Local Lockheed Martin team takes its creativity around the world

Jan
2013

The team at Lockheed Martin’s Creative and Strategic Services in Richland earned the 2012 Gold Award for Best Permanent Installation from Event Design magazine for creating this entrance to the company’s NexGen Cyber Innovation and Technology Centre in Australia. Contributed photo.

Outside the nondescript tan metal building, a cast iron Brahma bull is fixed, with its head cocked and raised, in a suspended regal pose — it’s the only interesting thing on the small lot on Kingsgate Way in North Richland.

Behind the bull — inside the 8,200-sq.-foot metal warehouse surrounded by gravel on outskirts of town — is SnakeWorks, part of Lockheed Martin’s Creative & Strategic Services team.

Inside there’s a fascinating cache of random items.

A small airplane is stashed in an aisle, behind a miniature monster truck, tucked between two floor-to-ceiling shelves stacked tall with long, chrome-lined black road cases.

A tall, lighted marquee at the end of the aisles adds to the feeling that you might have stumbled across a Hollywood movie studio’s set graveyard.

“We repurpose everything we can,” said Dana Jensen, director of Lockheed’s Creative and Strategic Services.

Hence the need for the large warehouse — which doubles as a workshop for four members of the Tri-Cities team. The rest of the local team is stashed in Lockheed’s Garlick Boulevard office building.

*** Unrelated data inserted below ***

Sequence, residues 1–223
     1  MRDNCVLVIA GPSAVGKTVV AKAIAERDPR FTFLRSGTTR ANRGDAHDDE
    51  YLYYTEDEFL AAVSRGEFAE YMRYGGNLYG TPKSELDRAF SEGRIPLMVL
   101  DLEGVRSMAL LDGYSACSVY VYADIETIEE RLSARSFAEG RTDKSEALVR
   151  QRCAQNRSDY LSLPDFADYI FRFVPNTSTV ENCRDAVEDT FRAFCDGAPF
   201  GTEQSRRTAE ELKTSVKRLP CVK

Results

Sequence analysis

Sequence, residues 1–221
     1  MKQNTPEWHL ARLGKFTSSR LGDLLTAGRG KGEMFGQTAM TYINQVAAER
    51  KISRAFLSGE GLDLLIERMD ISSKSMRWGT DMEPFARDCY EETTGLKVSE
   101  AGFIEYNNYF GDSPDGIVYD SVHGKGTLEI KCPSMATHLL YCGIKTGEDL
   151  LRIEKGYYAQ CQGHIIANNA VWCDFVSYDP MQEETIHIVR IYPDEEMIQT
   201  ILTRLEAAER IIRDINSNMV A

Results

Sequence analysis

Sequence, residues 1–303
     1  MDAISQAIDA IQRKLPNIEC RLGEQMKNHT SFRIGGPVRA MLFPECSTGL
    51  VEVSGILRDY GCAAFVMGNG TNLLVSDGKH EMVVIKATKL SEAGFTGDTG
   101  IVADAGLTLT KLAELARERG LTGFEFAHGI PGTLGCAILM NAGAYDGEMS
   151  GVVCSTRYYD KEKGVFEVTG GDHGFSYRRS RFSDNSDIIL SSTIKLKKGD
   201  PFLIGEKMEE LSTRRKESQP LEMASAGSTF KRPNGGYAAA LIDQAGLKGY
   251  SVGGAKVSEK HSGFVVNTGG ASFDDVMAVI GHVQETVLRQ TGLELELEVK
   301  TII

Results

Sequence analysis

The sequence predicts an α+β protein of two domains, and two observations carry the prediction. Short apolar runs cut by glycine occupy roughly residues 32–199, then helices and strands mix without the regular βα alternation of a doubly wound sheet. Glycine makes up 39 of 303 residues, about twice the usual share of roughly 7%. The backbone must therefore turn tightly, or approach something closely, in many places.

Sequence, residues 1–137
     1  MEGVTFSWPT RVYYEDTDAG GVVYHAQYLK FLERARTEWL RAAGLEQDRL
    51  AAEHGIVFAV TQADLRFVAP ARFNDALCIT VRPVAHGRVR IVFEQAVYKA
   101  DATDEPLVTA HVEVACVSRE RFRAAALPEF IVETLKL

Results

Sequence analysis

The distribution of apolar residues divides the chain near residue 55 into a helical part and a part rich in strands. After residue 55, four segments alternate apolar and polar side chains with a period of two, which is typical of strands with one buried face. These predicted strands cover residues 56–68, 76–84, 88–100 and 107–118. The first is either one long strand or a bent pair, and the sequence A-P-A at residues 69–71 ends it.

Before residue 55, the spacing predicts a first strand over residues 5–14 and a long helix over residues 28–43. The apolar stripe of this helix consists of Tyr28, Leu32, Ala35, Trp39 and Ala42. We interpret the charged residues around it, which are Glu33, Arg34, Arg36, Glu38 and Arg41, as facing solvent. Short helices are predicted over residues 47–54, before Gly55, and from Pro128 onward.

The group, which consists of 40 people, helps to visually brand the company. But that task goes far beyond creating few pieces of printed material or a video.

The Lockheed Martin Creative & Strategic Services group does it all — conceptual design, branding, campaigns, print design, multimedia, video production, photography, publications, custom fabrication and up to 100 trade shows a year.

The group, which is largely based in Richland, but has a small arm with nine employees on the East Coast, is in high demand throughout the entire company — because they are very good at what they do.

The group has two Emmy awards to prove it.

The Creative and Strategic Services group actually started in the Tri-Cities about a dozen years ago with a core group of about 10 people, said Jensen.

The secret to the group’s success is two-fold — one part is the hands-off management style.

“We have leadership that values and recognizes good work,” said Jensen. “They don’t restrict creativity.”

The second, and most important part, is the employees themselves.

“Nobody delivers less than what is expected,” said Lynn Ver Steeg.

Ver Steeg is, technically, the group’s multi-media design engineer. But they just call him the “metal man.” His specialty is bringing the ideas the group comes up with to life — in metal, wood, fiberglass or plastic.

Those who attended last year’s IT Day might remember the giant metal cog that sat on the stage, representing the event’s theme ‘The Power of Information.”

Each project starts out with a brainstorming session with the entire group where everyone is encourage to spit out their ideas — the bigger the better.

“There’s no lack of ideas,” said Jeff Flora, the group’s creative director.

“There’s a lack of time.”

Every project seems to be limited by time, he said.

The team built-to-scale model of the B Reactor core to explain the reactor’s functions to visitors.